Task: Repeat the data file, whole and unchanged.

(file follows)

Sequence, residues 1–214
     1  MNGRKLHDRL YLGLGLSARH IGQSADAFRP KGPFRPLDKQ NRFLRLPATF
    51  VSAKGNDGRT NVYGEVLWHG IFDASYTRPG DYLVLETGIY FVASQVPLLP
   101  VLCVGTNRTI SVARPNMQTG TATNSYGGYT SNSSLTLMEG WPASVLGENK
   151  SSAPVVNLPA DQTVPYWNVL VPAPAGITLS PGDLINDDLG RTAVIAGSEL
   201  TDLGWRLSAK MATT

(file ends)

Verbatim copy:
Sequence, residues 1–214
     1  MNGRKLHDRL YLGLGLSARH IGQSADAFRP KGPFRPLDKQ NRFLRLPATF
    51  VSAKGNDGRT NVYGEVLWHG IFDASYTRPG DYLVLETGIY FVASQVPLLP
   101  VLCVGTNRTI SVARPNMQTG TATNSYGGYT SNSSLTLMEG WPASVLGENK
   151  SSAPVVNLPA DQTVPYWNVL VPAPAGITLS PGDLINDDLG RTAVIAGSEL
   201  TDLGWRLSAK MATT